In 2018, the Administration launched Power Africa 2.0 to further develop innovative ideas and enterprise-driven approaches to help expand power opportunities across the African continent.

The Office of the U.S. Trade Representative also announced in August 2018 its intent to negotiate a bilateral free trade agreement with an African partner that can serve as the basis for agreements with other African countries.

The United States Department of Commerce has also signed Memoranda of Understandings (MOU) with the Governments of Cȏte d’Ivoire, Ethiopia, Ghana, and Kenya to increase bilateral trade and investment.

Today, I’m very pleased to add another nation to that list, as we announce that the United States will be signing a Memorandum of Understanding with Mozambique. These MOUs are designed to collectively identify priority projects in key sectors. The United States will then share that information with U.S. companies to pursue the identified projects, as well as identify U.S. Government resources. The MOUs also establish a forum for the governments to address and resolve business climate issues.

The Secretary of Commerce and Under Secretary of the International Trade Administration led members of the PAC-DBIA on a historic, four-country fact-finding trip to Africa last summer. That trip led to the signing of nearly $2 billion dollars in deals and commercial engagements and the four previously mentioned commercial MOUs. The 2016-2018 term of the PAC-DBIA was an enormous success, thank you.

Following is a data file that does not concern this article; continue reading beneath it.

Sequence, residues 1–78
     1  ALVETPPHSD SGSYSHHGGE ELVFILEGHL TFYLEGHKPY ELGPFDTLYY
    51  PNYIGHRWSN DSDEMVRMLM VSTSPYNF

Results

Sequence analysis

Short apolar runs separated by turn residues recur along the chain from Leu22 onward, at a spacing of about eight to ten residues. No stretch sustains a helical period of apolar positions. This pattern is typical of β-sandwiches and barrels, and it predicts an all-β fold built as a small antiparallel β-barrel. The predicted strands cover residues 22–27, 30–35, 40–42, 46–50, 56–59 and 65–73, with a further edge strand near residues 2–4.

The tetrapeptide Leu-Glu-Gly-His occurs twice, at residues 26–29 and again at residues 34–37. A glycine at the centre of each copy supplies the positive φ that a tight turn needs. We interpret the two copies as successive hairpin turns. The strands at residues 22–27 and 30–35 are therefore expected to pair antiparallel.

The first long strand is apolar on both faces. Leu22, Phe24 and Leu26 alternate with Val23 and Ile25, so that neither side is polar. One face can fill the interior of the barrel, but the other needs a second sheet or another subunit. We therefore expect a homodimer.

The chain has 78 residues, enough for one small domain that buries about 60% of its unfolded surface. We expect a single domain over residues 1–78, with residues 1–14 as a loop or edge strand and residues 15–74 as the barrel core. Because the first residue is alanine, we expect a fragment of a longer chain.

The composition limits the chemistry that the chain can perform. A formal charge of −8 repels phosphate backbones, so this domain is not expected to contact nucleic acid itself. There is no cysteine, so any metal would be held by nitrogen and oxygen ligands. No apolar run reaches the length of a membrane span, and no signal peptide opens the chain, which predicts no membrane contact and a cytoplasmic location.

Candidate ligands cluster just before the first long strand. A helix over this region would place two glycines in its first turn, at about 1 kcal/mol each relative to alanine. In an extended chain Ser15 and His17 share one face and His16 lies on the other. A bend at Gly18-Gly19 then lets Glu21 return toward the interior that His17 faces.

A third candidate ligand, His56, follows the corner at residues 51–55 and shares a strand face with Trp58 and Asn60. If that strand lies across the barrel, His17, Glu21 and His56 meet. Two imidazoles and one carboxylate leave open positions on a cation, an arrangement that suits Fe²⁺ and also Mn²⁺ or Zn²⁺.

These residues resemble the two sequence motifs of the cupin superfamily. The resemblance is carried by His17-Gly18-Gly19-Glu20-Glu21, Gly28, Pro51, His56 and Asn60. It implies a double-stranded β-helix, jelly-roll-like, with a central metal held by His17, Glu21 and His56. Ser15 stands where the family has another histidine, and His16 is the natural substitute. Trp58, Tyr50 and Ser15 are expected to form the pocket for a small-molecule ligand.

I am thrilled today to announce the new members of the 2019 to 2021 term.

The new members are executives from the following companies:

•    UPS
•    GE
•    Abbott
•    ABD Group
•    Acrow Bridge
•    Akola
•    American Tower Corporation
•    APR Energy
•    Bechtel
•    Caterpillar
•    Cigna
•    Citi
•    Credence ID
•    CrossBoundary Group
•    Dow Chemical Company
•    IBM
•    John Deere
•    Kosmos Energy
•    Mastercard
•    Pfizer
•    Rendeavour Inc.
•    Shea Yeleen
•    Synnove Energy
•    Varian Medical Systems
•    Vermeer Corporation
•    Visa

We are fortunate to have these companies’ engagement to help inform implementation of the Administration’s new initiative on Africa, Prosper Africa. We realized—with the help of PAC-DBIA—that we need a coordinated, whole-of-government approach to increase U.S.-Africa trade.

We know that the U.S. Government can and must do more to capitalize on the competitive advantage of U.S. companies and the entrepreneurial spirit of the African people.